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People looks at comic books during Free Comic Book Day at Chimera's Comics in La Grange in this May 2, 2015, file photo.

LA GRANGE — If you love comic books and think the greatest job in the world would be owning a comic book store, a golden opportunity may have just come your way from the owner of Chimera Comics in La Grange.

Carmelo Chimera plans to give his other store at 4915 W. 95th St., Oak Lawn, to the person who submits the best essay — in 500 words or less — on what makes a great comic book store.

"This could be a life-changing opportunity for one person," Chimera said. "But it can also be an inspiration for many others."

Essays will be accepted until Feb. 28, or until he receives 500 essays, although he's shooting for 2,000.

The limit was set to get a representative sampling of people genuinely interested in comics, discourage competitors from stacking the deck with their employees submitting essays and assure people that the contest is real.

"I don't want people thinking this is just some sort of scam, or that I'm just trying to get rid of my debts," Chimera said.

Indeed, the $25 application fee will go toward settling all of the store's open accounts and the giveaway will include the available inventory.

"I want people who are really interested," Chimera said. "I'm looking for passion, I'm looking for creativity, and I'm looking for a work ethic. There is a lot of hard work running a small business."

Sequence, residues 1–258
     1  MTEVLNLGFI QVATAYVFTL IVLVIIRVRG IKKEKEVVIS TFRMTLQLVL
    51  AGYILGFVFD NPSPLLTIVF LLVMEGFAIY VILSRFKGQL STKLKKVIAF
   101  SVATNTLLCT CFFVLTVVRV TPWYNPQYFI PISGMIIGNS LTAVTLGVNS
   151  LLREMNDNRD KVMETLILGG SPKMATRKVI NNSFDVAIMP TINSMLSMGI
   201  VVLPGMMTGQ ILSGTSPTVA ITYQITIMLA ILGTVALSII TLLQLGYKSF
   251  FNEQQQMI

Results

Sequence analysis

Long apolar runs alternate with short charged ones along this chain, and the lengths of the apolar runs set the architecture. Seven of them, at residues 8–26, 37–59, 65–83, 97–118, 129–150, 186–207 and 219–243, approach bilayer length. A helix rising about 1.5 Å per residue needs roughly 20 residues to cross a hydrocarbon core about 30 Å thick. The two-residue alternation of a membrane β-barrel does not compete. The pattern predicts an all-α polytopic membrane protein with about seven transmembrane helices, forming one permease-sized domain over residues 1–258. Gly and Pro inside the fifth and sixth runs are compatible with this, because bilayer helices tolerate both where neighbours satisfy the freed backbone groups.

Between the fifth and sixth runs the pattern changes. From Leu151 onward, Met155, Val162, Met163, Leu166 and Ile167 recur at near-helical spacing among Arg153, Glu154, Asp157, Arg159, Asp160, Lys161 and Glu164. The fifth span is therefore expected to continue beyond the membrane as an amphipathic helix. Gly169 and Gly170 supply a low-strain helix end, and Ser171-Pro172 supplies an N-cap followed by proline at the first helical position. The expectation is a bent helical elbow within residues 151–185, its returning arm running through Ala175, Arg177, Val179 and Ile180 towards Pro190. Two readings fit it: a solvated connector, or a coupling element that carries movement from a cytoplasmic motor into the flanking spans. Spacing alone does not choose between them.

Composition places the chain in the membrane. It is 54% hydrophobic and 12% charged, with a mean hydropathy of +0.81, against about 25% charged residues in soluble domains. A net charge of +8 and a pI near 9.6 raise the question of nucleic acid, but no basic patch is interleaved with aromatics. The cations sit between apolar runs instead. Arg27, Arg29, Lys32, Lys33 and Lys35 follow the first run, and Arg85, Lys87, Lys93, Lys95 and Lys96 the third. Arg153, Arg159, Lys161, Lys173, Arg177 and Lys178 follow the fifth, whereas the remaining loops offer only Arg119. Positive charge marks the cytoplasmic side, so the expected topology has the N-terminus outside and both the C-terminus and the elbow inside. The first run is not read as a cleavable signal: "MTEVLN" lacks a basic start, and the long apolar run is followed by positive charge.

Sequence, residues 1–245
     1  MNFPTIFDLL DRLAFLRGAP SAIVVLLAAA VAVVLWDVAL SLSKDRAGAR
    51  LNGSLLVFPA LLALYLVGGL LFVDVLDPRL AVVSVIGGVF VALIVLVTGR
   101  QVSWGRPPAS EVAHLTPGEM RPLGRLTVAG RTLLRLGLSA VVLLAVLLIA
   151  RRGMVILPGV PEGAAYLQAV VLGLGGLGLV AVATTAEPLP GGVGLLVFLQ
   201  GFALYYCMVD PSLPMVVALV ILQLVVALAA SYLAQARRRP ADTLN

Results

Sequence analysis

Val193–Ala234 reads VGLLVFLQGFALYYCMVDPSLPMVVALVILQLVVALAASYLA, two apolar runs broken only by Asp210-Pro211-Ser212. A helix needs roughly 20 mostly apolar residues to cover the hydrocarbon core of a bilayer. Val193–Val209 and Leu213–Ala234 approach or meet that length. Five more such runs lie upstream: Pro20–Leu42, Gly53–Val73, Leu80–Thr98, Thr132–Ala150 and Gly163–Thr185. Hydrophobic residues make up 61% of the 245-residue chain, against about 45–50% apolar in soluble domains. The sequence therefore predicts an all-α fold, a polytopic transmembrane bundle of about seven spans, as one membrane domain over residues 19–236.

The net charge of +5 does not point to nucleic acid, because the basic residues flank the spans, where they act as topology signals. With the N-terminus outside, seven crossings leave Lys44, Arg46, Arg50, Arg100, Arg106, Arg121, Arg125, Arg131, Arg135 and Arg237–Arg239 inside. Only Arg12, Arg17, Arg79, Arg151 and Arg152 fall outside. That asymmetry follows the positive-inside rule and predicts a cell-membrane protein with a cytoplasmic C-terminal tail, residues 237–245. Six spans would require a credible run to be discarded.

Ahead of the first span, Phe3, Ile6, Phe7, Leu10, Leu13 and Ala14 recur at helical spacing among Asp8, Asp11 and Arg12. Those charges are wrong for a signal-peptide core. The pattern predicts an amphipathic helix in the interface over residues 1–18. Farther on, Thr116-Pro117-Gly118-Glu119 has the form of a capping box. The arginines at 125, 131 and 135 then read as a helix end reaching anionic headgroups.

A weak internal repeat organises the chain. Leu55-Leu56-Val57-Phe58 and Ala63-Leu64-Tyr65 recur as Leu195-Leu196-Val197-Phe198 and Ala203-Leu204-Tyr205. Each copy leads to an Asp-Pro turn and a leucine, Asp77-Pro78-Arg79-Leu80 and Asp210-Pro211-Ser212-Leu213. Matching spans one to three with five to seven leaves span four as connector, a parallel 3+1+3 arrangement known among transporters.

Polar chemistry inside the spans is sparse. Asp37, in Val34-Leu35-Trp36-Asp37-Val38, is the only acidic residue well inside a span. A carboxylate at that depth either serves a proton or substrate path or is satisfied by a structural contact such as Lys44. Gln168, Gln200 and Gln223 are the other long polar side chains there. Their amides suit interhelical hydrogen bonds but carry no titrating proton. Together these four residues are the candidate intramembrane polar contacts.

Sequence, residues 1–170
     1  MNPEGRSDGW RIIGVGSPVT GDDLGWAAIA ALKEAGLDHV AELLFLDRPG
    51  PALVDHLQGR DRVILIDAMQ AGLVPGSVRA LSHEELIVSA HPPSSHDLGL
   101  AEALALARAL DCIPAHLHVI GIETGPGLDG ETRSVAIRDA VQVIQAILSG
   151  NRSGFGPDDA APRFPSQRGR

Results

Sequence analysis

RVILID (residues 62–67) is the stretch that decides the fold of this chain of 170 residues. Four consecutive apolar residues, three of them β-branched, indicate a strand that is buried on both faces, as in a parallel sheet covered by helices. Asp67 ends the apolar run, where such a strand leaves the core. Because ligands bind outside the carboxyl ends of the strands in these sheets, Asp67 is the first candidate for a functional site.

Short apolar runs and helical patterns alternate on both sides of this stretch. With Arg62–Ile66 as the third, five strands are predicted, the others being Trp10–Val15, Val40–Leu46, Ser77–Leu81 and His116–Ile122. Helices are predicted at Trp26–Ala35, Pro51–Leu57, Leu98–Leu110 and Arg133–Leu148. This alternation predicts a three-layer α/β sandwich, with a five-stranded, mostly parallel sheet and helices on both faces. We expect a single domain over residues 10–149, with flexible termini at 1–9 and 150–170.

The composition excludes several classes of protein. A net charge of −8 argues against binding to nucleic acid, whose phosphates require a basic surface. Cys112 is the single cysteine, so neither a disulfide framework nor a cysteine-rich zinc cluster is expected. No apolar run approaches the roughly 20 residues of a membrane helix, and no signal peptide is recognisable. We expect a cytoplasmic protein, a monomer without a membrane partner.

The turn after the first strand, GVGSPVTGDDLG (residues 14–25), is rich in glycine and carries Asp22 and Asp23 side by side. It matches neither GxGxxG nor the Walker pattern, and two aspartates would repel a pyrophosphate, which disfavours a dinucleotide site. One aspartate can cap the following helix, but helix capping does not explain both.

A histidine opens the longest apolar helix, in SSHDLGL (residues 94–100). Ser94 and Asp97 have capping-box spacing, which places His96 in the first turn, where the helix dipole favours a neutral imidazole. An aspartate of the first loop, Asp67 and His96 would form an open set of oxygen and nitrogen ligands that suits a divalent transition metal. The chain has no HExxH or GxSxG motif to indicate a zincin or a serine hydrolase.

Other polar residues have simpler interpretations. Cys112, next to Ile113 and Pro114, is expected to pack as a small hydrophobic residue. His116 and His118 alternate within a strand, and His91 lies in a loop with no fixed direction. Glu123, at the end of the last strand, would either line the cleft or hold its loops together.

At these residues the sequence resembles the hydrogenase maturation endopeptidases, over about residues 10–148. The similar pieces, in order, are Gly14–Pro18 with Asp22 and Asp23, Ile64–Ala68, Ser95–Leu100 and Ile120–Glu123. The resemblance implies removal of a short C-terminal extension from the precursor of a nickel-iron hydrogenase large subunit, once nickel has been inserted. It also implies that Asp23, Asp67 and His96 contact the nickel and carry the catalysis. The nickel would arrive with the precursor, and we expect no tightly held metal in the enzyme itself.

He also stressed that the winner being based on merit made the contest more than just an ordinary raffle or game of chance.

Chimera, 29, was born and raised in Oak Lawn and graduated from Brother Rice High School. He earned a bachelor's degree in philosophy from Carthage College in Kenosha, Wis., and went on to get a law degree from the University of Chicago.

The Chicago resident practices law in downtown Chicago, and operates the chain's flagship store at 19 S. La Grange Road in addition to the Oak Lawn store. He previously operated a Chimera Comics in Woodridge.

And even though the married Chimera has yet to start a family, he increasingly found that the work load was a little too heavy.

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"Part of this is that it's really hard to reconcile the businesses with my work," he said. "I'm spread too thin."

Chimera is also making his own contribution to literature, recently publishing his first graphic novel, "Magnificent" available at the store's web site, chimerascomics.com.

For the uninitiated, a graphic novel is essentially an longer, extended comic book. Some are a combination of comic books made into one offering, while Chimera's work is one continuous story, coming in at at about 90 pages and telling the coming of age story of a Chicago superhero.

Chimera doesn't plan to become a full-time artist, as the pressure to make money off his writing would inevitably affect the quality of the work.

"I don't think it's something I would want to do full time," he said. "You want to do quality work, not just quantity."

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